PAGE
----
What is the SECURE ACT?

The SECURE ACT is the “Setting Every Community Up for Retirement Enhancement” Act passed as part of the Federal Government spending package titled the “Further Consolidated Appropriations Act, 2020, does more than just fund the government.

When Must I take out my Required Minimum Distributions (RMDs)?

Generally, RMDs must be taken by April 1 following the calendar year in which the participant reaches age 72 (or 70 ½ if the participant turned age 70 ½ prior to January 1, 2020). For 401(k) plans, the date can be when the participant retires, if later.

Example – Age 70 ½: If you are retired and have reached age 70½ by 12/30/19, Your first RMD (for 2019) must be paid by April 1, 2020, and your Second RMD (for 2020) must be paid by December 31, 2020.

Example – Age 72: If you are retired and reach 70 ½ after 2019, Then, NO RMDs until the year you turn 72 and the RMD must be paid by April 1st of the following year.

Can I contribute to an IRA after 70 ½?

The SECURE ACT eliminated the age 70 ½ limit for making traditional IRA contributions, so that anyone can contribute to an IRA as long as they are working. This now matches the existing rules for 401(k) plans and Roth IRAs.

Example: Jack is 75 and working. Since he is working, he can contribute to his IRA. Jack will also have to take out his required minimum distribution since he is past age 72.

Can I withdraw from my IRA account for birth related expenses and be exempt from 10% Early Withdrawal Penalty?

There is now an exemption from the 10% tax penalty on early retirement account withdrawals of up to $5,000 to pay for expenses related to the birth of a child or adoption within one year of the birth of a child or adoptions becoming final. Each parent can qualify for this exemption. Notwithstanding, the funds withdrawn from a Traditional IRA account will still be subject to income taxation.

As a Part Time Employee, can I Contribute to a Qualified Retirement Plan?

Yes, you may be able to contribute to a Qualified Retirement Plan if you have worked at least: 1,000 hours in one year (about 20 hours per week) or three consecutive years of at least 500 hours. This rule applies to plan years after December 31, 2020; however, for purposes of the meeting the hours worked requirement, years worked beginning before January 1, 2021 are not taken into account.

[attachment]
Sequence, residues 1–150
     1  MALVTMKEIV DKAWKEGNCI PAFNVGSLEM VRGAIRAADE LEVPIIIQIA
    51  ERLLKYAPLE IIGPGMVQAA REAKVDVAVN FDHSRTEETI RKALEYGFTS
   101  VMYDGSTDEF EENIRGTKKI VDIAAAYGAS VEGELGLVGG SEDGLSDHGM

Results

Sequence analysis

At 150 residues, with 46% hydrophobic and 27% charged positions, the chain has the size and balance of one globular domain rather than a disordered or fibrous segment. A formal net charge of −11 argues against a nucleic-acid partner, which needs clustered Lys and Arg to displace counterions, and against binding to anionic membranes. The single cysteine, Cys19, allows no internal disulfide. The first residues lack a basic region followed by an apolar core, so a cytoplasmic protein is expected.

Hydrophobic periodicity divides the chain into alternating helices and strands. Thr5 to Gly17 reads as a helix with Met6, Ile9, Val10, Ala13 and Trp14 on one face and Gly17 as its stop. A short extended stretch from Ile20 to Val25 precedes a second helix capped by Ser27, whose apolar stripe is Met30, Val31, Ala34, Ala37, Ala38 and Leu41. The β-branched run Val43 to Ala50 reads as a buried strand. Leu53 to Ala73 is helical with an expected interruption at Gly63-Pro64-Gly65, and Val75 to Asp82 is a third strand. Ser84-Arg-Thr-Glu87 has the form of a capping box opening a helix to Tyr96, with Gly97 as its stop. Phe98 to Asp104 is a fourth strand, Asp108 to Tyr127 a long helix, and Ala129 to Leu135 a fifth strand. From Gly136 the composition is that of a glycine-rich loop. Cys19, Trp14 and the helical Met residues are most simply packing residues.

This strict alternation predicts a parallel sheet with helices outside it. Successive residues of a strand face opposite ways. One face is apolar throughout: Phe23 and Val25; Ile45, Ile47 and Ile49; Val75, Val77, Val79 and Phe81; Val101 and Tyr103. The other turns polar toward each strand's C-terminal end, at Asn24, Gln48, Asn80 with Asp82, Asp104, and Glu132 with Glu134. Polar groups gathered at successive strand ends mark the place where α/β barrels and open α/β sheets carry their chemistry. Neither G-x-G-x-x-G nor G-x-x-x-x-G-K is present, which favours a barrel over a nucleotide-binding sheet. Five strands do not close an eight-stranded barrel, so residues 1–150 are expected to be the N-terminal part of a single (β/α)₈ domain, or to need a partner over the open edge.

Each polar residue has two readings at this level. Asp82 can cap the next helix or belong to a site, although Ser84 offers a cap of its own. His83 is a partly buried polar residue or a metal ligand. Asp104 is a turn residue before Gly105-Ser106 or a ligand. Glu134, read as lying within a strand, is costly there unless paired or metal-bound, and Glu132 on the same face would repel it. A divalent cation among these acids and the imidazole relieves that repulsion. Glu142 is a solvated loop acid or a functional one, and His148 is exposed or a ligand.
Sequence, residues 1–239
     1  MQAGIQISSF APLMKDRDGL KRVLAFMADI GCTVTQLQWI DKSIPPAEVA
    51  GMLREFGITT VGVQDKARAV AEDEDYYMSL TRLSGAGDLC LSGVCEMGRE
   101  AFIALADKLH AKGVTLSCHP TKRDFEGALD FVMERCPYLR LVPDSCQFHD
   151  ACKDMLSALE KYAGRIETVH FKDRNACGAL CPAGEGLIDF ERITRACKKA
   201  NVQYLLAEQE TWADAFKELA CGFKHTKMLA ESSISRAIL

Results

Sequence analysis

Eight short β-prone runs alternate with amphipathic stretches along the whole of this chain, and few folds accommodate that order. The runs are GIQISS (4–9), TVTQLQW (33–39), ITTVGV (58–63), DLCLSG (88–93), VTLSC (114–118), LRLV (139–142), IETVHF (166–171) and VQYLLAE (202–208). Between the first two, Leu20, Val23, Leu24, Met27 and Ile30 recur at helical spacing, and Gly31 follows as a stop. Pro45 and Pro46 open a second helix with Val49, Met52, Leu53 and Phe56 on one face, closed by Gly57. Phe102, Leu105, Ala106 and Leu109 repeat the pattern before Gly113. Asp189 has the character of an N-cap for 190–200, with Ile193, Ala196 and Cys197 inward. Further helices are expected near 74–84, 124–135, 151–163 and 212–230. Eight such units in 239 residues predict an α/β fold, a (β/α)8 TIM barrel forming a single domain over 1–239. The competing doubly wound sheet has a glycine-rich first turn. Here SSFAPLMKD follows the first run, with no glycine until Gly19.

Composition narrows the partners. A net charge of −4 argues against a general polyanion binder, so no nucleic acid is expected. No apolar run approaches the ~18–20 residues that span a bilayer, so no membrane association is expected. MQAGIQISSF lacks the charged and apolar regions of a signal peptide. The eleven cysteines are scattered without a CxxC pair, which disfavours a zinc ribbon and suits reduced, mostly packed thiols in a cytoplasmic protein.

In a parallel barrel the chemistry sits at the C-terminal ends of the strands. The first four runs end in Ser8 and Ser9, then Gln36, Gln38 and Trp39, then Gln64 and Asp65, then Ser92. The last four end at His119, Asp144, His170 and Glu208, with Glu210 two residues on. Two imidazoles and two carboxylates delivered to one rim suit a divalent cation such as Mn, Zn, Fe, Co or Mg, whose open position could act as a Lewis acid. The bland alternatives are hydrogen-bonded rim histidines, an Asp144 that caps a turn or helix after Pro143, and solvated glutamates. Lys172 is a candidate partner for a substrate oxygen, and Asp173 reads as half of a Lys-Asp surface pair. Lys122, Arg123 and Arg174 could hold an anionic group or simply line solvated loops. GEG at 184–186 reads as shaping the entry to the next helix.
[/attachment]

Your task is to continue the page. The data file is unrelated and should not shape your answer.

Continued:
For Inherited IRAs, when must the IRA be distributed to the beneficiary?

If a designated beneficiary, the general rule is 10 years and for non- designated beneficiaries, the rule is 5 years.

Who is a Designated beneficiary?

A Designated Beneficiary is individual or group of individuals who are named as beneficiaries of an IRA or a trust so named as a beneficiary if the trust meets certain IRS requirements.

Which IRAs are subject to the Five-Year Rule?

A beneficiary who does not qualify as a Designated Beneficiary is subject to the Five Year Pay Out Rule such as the estate of the participant, a charity or a trust that does not qualify as a “See- through Trust”.

What is a See-Through Trust?

A See-Through Trust is a trust for IRA distribution purposes, the trust must meet the following four requirements:

  1. The trust is valid under state law or would be but for the fact that there is no corpus.
  2. The trust is irrevocable or the trust contains language to the effect it becomes irrevocable upon the death of the employee or IRA owner.
  3. The beneficiaries of the trust who are beneficiaries with respect to the trust’s interest in the employee’s or IRA owner’s benefit are identifiable.
  4. The required trust documentation has been provided by the trustee of the trust to the plan administrator no later than October 31st of the year following the year of the IRA owner’s death

For Inherited IRAs, under the new Rules, can any of my beneficiaries still qualify for the "Stretch IRA"?

Yes, Eligible Designated Beneficiaries (EDBs) can qualify for the stretch pay out (a payout over the lifetime of the EDB).